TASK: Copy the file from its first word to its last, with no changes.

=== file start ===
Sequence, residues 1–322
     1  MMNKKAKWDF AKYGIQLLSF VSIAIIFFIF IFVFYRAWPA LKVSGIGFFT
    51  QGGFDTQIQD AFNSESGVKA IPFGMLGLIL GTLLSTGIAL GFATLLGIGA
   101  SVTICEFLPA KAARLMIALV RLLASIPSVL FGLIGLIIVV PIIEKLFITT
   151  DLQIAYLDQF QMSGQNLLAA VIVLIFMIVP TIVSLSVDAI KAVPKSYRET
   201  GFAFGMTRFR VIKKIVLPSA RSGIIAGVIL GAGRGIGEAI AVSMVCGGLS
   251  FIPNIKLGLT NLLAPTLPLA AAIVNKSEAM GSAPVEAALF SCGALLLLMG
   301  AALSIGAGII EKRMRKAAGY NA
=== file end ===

Sequence, residues 1–322
     1  MMNKKAKWDF AKYGIQLLSF VSIAIIFFIF IFVFYRAWPA LKVSGIGFFT
    51  QGGFDTQIQD AFNSESGVKA IPFGMLGLIL GTLLSTGIAL GFATLLGIGA
   101  SVTICEFLPA KAARLMIALV RLLASIPSVL FGLIGLIIVV PIIEKLFITT
   151  DLQIAYLDQF QMSGQNLLAA VIVLIFMIVP TIVSLSVDAI KAVPKSYRET
   201  GFAFGMTRFR VIKKIVLPSA RSGIIAGVIL GAGRGIGEAI AVSMVCGGLS
   251  FIPNIKLGLT NLLAPTLPLA AAIVNKSEAM GSAPVEAALF SCGALLLLMG
   301  AALSIGAGII EKRMRKAAGY NA